America is facing a crisis with regard to drugs and in particular, heroin. Gone are the days of teenagers smoking some weed behind the garage, sneaking beer out of their dad’s supply, or bumming cigarettes off the older kids who could buy them. Today we are dealing with a much more serious problem – opioids.
According to the American Society of Addiction Medicine, drug overdose is the leading cause of accidental death, with 52,404 lethal overdoses in 2015 alone. Of those, roughly 20,000 are from misusing prescription pain relievers, and nearly 13,000 are heroin overdoses. ASAM also reported that nearly 4 out of 5 new heroin users started after they had already become addicted to painkillers.
The rise in deaths related to opioid addicted has been paralleled by the rise in prescriptions and sales of painkillers such as oxycodone, hydrocodone, codeine, morphine, fentanyl and others. From 1999 through 2010 sales skyrocketed by four times. In 2012, more 259 million prescriptions for opioids were written.
With all of this rise in demand for opioids, the supply must increase in order for the price to remain low and affordable. The great bulk of opioid production, some saying upwards of 90%, comes from Afghanistan.
Prior to the U.S. invasion of Afghanistan, opium production was quite the opposite. The Taliban had implemented laws banning the growing of poppy plants. In July of 2000, Mullah Mohammed Omar, then-leader of the Taliban, declared the farming of opium un-Islamic and against the law. The result was a 99% decrease in opium production in Afghanistan, but unfortunately, after the 9/11 attacks and subsequent invasion of Afghanistan, the Taliban fell out of power and was unable to enforce the law.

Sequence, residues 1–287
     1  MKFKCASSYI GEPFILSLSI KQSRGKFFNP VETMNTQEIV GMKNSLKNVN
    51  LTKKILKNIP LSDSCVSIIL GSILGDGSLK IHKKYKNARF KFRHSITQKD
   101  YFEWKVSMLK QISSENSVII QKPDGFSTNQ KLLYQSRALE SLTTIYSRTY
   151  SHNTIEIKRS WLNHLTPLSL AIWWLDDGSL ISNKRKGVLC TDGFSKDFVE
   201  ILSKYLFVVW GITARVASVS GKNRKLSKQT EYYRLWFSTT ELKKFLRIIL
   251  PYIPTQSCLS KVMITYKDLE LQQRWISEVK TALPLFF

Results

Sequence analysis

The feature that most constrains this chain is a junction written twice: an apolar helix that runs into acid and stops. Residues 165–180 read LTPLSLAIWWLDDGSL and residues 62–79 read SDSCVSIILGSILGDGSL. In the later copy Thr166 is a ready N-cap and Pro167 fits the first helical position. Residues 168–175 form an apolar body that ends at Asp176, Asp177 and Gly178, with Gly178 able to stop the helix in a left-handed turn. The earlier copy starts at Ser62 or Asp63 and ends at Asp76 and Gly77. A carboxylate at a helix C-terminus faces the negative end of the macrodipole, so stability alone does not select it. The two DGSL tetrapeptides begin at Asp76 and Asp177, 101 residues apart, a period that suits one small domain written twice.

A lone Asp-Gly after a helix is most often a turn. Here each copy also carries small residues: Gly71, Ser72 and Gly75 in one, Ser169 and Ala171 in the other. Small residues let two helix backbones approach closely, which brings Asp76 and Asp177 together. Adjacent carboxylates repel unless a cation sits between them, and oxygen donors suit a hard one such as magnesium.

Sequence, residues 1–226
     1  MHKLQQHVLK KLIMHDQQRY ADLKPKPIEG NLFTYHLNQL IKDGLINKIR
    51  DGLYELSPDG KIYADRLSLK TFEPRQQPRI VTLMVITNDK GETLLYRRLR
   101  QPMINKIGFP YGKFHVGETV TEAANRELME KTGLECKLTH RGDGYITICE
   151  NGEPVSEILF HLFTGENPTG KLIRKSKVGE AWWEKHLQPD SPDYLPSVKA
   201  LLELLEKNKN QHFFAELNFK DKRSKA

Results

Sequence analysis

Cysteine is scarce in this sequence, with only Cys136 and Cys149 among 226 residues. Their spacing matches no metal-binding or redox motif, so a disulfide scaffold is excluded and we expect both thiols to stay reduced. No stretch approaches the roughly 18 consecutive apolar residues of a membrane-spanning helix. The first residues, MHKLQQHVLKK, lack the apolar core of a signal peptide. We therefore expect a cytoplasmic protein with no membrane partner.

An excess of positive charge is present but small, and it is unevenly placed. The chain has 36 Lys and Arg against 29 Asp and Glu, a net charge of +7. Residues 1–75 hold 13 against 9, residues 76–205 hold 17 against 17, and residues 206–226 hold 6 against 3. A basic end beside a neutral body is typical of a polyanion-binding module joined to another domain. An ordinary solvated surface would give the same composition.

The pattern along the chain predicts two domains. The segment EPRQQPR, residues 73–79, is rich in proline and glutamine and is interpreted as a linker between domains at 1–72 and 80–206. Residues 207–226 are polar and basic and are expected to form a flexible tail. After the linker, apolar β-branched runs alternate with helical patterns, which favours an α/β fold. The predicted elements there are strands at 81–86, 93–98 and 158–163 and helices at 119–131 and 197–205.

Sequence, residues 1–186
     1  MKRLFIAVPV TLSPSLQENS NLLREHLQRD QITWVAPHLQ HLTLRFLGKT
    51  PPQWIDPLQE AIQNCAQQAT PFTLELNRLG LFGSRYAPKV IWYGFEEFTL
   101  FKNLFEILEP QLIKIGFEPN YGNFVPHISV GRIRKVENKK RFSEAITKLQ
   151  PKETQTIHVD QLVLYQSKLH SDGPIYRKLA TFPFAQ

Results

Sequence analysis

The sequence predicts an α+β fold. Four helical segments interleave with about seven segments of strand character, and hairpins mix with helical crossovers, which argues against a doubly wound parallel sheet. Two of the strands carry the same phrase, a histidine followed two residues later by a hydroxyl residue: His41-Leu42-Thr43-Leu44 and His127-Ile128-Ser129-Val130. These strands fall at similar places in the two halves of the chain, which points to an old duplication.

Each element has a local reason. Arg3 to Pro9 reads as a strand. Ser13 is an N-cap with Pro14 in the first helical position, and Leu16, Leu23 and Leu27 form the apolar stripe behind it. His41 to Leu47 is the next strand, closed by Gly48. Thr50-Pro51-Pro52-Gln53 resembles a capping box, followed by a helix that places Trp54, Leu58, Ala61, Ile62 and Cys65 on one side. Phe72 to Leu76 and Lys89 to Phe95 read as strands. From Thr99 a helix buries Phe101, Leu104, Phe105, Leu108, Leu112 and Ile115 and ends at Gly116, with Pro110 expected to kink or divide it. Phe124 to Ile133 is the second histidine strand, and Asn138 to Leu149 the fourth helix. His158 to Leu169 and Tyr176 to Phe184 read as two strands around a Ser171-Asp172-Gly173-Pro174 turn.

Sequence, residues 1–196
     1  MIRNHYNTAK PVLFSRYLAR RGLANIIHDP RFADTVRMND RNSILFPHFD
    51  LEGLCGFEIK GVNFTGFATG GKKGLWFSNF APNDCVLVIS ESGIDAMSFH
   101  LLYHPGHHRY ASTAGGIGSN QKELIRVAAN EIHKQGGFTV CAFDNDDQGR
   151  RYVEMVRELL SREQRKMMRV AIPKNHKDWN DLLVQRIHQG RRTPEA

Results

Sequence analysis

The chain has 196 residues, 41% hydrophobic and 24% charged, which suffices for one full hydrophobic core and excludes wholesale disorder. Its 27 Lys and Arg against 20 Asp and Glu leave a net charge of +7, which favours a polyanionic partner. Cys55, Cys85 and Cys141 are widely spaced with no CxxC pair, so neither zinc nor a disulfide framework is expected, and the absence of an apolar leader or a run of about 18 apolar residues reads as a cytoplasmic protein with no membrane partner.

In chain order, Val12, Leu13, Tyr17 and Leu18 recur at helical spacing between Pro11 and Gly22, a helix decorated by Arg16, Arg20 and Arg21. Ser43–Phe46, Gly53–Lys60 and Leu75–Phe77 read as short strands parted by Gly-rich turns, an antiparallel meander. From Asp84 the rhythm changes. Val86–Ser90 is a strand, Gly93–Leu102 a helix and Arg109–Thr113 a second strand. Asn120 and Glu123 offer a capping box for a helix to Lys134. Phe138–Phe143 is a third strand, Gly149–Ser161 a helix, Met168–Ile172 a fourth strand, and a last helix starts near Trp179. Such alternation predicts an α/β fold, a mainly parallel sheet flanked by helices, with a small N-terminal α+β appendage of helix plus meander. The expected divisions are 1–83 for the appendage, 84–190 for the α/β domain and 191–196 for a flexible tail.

Today, the opium game is back in full swing, both on the sales end, and the production end. The Taliban itself is now receiving 60%+ of its funding through opioids, and seems less interested in banning the drug. Afghans themselves are struggling with addiction. Over 1.6 million people in the impoverished country are said to be regular users of heroin, although some claims there could be millions more living outside major Afghan cities.
Not only has the war in Afghanistan cost the lives of over 2,000 American soldiers, but with the resulting rise in opium production, it is costing us more each day. The war resulted in greater drug addiction not just in America but also in Afghanistan, where addicts have few options for treatment.